April 21, 2014
By Beth Reinhard
Republicans are beating their Democratic opponents to the Spanish-language airwaves in 2014, seeking to make early and positive impressions on the growing Hispanic community.
Florida Gov. Rick Scott on Monday became the fourth Republican gubernatorial candidate to announce a Spanish-language commercial, joining New Mexico Gov. Susana Martinez and Republican nominees Bruce Rauner in Illinois and Greg Abbott in Texas. None of their opponents have begun advertising on television yet.
The ads from Mr. Scott and Ms. Martinez are biographical and share American Dream-like themes of support for entrepreneurship and small business. Mr. Abbott began advertising in Spanish even before he won the primary in early March with a spot featuring wife Cecelia Abbott, a granddaughter of Mexican immigrants. Mr. Rauner’s Spanish-language ad last month said he would create jobs and improve schools and attacked Democratic Gov. Pat Quinn’s leadership.
“You can expect to see many of our governors build their coalitions for re-election with multi-language ads and outreach,” said Jon Thompson, a spokesman for the Republican Governors Association.
Mr. Scott’s $500,000 ad campaign signals an aggressive push for Hispanic voters. In his 2010 campaign, he didn’t begin advertising in Spanish until October, and he spent about $1 million total. In an unusual feat by a statewide Republican candidate, he narrowly carried the Hispanic vote, according to exit polls.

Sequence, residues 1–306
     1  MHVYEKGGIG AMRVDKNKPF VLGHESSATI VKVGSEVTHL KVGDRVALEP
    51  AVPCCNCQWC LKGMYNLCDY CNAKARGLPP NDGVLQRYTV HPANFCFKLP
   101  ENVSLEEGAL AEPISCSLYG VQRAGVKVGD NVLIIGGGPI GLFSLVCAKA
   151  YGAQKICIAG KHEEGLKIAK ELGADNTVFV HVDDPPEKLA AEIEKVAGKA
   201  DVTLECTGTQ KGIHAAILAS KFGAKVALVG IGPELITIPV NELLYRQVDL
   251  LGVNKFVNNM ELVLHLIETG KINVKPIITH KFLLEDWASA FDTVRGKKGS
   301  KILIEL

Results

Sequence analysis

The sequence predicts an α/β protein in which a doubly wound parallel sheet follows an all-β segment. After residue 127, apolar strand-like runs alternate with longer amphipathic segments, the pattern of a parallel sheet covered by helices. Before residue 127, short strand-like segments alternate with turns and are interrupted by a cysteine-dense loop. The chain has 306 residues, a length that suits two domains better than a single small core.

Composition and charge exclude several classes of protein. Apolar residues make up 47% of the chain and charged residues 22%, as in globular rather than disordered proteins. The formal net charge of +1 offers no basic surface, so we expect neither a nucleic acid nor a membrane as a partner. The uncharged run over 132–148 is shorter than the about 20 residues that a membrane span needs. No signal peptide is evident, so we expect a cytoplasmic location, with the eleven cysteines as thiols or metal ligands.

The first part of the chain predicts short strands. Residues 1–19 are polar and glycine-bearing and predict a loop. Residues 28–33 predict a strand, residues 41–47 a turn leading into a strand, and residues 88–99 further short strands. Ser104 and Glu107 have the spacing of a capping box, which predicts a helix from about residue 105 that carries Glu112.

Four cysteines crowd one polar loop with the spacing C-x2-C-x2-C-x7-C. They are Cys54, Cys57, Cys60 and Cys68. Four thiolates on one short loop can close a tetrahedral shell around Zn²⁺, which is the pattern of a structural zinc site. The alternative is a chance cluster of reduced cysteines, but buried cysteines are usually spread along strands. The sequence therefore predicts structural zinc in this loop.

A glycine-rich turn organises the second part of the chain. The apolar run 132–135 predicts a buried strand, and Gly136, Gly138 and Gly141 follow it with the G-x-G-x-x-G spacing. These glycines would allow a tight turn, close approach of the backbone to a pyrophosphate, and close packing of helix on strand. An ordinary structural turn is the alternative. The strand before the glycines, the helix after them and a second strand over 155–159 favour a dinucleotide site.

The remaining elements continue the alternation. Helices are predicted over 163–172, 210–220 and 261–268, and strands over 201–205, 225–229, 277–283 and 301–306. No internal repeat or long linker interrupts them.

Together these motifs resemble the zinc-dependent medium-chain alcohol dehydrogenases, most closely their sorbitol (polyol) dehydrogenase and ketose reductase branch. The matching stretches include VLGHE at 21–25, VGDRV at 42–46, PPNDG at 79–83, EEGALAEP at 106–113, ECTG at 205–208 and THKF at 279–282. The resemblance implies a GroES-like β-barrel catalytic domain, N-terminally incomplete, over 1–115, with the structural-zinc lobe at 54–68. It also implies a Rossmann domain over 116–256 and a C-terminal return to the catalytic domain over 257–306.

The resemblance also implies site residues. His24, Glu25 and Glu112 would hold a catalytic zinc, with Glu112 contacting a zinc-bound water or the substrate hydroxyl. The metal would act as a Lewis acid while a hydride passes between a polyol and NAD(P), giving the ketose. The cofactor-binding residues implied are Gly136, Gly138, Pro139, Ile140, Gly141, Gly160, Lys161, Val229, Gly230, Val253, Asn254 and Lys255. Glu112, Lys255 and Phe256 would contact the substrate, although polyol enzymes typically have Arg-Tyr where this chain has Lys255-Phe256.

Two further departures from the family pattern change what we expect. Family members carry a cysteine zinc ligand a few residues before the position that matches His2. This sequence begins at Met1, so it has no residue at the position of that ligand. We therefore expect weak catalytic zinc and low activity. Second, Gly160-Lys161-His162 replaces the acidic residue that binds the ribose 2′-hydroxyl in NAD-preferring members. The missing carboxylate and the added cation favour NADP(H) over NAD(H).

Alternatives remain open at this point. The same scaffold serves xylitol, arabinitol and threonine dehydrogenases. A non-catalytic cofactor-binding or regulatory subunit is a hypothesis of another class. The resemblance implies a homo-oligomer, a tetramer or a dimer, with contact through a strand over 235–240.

Mr. Scott, who isn’t fluent in Spanish, speaks the opening line of the spot in Spanish before a narrator takes over. The ad doesn’t mention his support for a bill that would allow the children of illegal immigrants to pay in-state college tuition rates. Mr. Scott’s position on the bill, which also limits overall tuition hikes, represents a sharp reversal from his position in the 2010 GOP primary advocating a sweeping crackdown on illegal immigrants.
As the 2014 campaign progresses, Democrats are expected to try to maximize their traditional advantage with Hispanic voters by promoting comprehensive immigration reform.
There are roughly 20 House districts held by Republicans or up for grabs where Democrats think immigration could play a role in the 2014 campaign. A Democratic super PAC, House Majority PAC, ran Spanish-language ads last year targeting California Rep. Gary Miller, Colorado Rep. Mike Coffman and Nevada Rep. Joe Heck.
“Republican Congress’s failure on this bipartisan priority will come back to haunt them this fall,” said Rep. Steve Israel, chairman of the Democratic Congressional Campaign Committee, said in a written statement.
Source: The Wall Street Journal